Woody Guthrie would have been 100 years old this summer, had he somehow survived a debilitating bout with Huntington’s disease that hit him hard in the 1950s and left him dead at the age of 55 in 1967. To many, he is simply known as “that folk singer who penned ‘This Land Is Your Land,’” our poor man’s national anthem, some 70 years ago.
But his impact is much wider than that. Ruggedly nonconformist, Woody pioneered an unvarnished, political approach to music-making, which has lingered on, half hidden, in our electronic age. He was a complicated figure—an aggressive self-promoter who openly complained about the commercialization of music. He cared deeply about the common man, but sometimes less so about the people in his immediate vicinity: He was prone to womanizing, outbursts of anger, hypocrisy and recklessness. Even his political standpoint is difficult to nail down at times.
Woodrow Wilson Guthrie is a contradictory figure—but he is also an excellent guide into the connections we might make between our lives today amid the economic tumult and the not-so-distant past. Here’s what I have come to learn about this American icon.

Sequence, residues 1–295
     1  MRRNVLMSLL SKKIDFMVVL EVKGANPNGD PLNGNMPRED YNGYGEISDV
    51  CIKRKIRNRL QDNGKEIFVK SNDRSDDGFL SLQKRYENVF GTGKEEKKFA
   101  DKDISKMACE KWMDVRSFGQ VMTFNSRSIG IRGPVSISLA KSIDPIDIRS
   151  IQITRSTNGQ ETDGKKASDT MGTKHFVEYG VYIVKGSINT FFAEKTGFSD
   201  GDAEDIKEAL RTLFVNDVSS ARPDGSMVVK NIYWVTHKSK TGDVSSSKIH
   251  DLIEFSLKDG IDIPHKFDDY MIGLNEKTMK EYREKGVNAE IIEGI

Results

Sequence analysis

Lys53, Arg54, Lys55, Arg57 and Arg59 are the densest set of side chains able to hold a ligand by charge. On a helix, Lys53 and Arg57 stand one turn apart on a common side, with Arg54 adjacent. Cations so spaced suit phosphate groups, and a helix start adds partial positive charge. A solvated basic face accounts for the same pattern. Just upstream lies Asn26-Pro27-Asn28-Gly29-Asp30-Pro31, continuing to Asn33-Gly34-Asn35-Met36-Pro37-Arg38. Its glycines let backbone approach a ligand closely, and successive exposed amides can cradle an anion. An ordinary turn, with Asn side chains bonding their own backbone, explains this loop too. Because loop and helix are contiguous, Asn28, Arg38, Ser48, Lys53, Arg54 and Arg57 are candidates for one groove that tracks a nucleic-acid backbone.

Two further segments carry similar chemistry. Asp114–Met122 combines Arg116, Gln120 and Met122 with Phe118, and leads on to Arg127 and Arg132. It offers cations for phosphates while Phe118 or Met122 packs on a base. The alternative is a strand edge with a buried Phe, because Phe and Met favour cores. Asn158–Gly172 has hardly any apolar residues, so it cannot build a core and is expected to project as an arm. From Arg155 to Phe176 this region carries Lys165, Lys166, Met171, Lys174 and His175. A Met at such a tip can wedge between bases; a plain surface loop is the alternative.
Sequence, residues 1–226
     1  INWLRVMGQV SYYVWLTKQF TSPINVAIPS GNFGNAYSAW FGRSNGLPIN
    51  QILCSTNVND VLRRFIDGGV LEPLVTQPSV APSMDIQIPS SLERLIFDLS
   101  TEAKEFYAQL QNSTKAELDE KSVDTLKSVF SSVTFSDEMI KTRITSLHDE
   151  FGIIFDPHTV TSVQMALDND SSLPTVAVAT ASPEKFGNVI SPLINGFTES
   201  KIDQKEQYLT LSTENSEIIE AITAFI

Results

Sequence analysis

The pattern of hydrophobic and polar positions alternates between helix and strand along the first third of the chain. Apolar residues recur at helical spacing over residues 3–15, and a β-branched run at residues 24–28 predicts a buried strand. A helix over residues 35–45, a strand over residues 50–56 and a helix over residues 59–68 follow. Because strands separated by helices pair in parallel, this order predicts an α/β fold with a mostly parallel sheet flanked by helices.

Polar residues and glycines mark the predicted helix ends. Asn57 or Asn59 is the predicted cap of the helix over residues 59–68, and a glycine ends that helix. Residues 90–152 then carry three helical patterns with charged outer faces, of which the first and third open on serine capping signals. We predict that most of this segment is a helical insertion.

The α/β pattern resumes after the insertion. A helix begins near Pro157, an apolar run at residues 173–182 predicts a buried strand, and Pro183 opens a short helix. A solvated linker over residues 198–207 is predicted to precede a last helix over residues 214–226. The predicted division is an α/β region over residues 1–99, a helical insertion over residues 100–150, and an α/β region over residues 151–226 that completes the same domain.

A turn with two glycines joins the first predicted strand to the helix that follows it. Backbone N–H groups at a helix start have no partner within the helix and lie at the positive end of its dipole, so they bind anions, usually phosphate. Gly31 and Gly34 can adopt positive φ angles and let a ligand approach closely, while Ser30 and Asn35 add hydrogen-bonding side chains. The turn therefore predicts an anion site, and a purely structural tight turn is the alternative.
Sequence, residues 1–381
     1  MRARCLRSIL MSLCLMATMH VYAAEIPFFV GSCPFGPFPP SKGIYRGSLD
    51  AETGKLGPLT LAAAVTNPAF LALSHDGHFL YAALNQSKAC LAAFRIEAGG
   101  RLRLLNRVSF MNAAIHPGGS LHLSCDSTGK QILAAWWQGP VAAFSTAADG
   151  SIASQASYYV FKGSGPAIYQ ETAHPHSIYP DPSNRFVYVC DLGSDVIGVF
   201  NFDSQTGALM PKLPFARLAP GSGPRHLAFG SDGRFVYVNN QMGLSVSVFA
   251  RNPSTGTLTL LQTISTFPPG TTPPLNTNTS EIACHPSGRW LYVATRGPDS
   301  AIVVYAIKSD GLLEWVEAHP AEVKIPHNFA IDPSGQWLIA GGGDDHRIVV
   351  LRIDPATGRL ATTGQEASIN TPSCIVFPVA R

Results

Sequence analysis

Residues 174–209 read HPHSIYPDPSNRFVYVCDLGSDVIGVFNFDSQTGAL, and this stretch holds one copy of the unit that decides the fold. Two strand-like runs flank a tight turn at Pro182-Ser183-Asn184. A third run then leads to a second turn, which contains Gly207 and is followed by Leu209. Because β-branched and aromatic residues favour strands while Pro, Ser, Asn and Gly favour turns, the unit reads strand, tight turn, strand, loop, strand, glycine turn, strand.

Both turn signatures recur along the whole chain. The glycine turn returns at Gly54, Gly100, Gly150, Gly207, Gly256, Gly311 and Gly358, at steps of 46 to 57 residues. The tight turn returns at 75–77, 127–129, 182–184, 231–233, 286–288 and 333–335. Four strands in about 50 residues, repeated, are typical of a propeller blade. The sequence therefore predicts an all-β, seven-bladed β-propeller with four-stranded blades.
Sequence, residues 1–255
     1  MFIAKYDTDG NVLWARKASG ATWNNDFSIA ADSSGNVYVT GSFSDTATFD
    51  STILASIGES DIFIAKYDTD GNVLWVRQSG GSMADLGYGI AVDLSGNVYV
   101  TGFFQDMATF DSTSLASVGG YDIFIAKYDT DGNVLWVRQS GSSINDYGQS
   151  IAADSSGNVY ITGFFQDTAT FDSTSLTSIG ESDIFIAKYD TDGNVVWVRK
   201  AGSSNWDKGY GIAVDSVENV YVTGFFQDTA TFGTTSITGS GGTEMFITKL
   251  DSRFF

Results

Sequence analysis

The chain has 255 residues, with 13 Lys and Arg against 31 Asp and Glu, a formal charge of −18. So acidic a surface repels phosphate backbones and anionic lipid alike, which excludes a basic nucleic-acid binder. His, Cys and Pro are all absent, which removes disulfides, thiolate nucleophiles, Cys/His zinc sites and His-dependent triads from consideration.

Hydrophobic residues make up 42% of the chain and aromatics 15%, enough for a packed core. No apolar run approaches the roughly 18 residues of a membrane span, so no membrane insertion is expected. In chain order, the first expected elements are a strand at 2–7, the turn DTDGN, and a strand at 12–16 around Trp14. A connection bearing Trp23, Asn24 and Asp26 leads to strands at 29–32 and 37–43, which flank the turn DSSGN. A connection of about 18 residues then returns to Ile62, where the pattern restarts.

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I first encountered Woody as a research topic in a dusty farmworker camp in Weedpatch, Calif. I was a journalist researching a story about the Dust Bowl migration of the 1930s, that epic journey from drought-ridden Oklahoma and Texas to the promised land of California. I ended up writing a book, Proud to Be an Okie: Cultural Politics, Country Music, and Migration to Southern California (University of California Press, 2007), which examined Woody Guthrie as a “hillbilly” artist on Los Angeles radio in the late 1930s.
During research for that book, I found recordings that the media are now touting as “Woody Guthrie’s oldest known recordings”: two lacquer-coated aluminum Presto discs containing four tracks that most likely date to 1939. And since landing at Henderson’s Nevada State College as a history professor in 2006, I have been involved in a project that culminated this summer in the release of the Smithsonian Folkways’ Woody at 100: A Centennial Celebration, a mammoth book and CD set that includes those four recordings and an essay about my find.
In all, my 15 years of dealing with and thinking about Woody’s ghost has been well spent.
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Woody was, as historian Charles McGovern has argued, the original Do It Yourself advocate. In the late 1970s, punk musicians gloried in Do It Yourself culture. Punks hated the idea that one had to be a virtuoso musician to be worthy. They created their own music, sometimes with the only three chords they knew, and finished it off with blunt lyrical statements about their lot in life. And they created their own fashion, using safety pins to mend threadbare shirts and turning them into a statement about how society infantilized teens and young adults.